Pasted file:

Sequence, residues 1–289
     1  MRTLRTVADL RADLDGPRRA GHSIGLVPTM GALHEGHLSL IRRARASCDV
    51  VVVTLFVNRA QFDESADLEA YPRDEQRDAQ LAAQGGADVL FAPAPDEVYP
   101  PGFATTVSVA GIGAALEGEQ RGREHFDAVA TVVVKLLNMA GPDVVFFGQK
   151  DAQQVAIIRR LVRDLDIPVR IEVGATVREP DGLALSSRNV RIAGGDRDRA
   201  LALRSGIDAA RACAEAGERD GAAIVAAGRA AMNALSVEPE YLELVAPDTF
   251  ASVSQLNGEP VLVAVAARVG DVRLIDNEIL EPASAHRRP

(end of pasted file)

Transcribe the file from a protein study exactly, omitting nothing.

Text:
Sequence, residues 1–289
     1  MRTLRTVADL RADLDGPRRA GHSIGLVPTM GALHEGHLSL IRRARASCDV
    51  VVVTLFVNRA QFDESADLEA YPRDEQRDAQ LAAQGGADVL FAPAPDEVYP
   101  PGFATTVSVA GIGAALEGEQ RGREHFDAVA TVVVKLLNMA GPDVVFFGQK
   151  DAQQVAIIRR LVRDLDIPVR IEVGATVREP DGLALSSRNV RIAGGDRDRA
   201  LALRSGIDAA RACAEAGERD GAAIVAAGRA AMNALSVEPE YLELVAPDTF
   251  ASVSQLNGEP VLVAVAARVG DVRLIDNEIL EPASAHRRP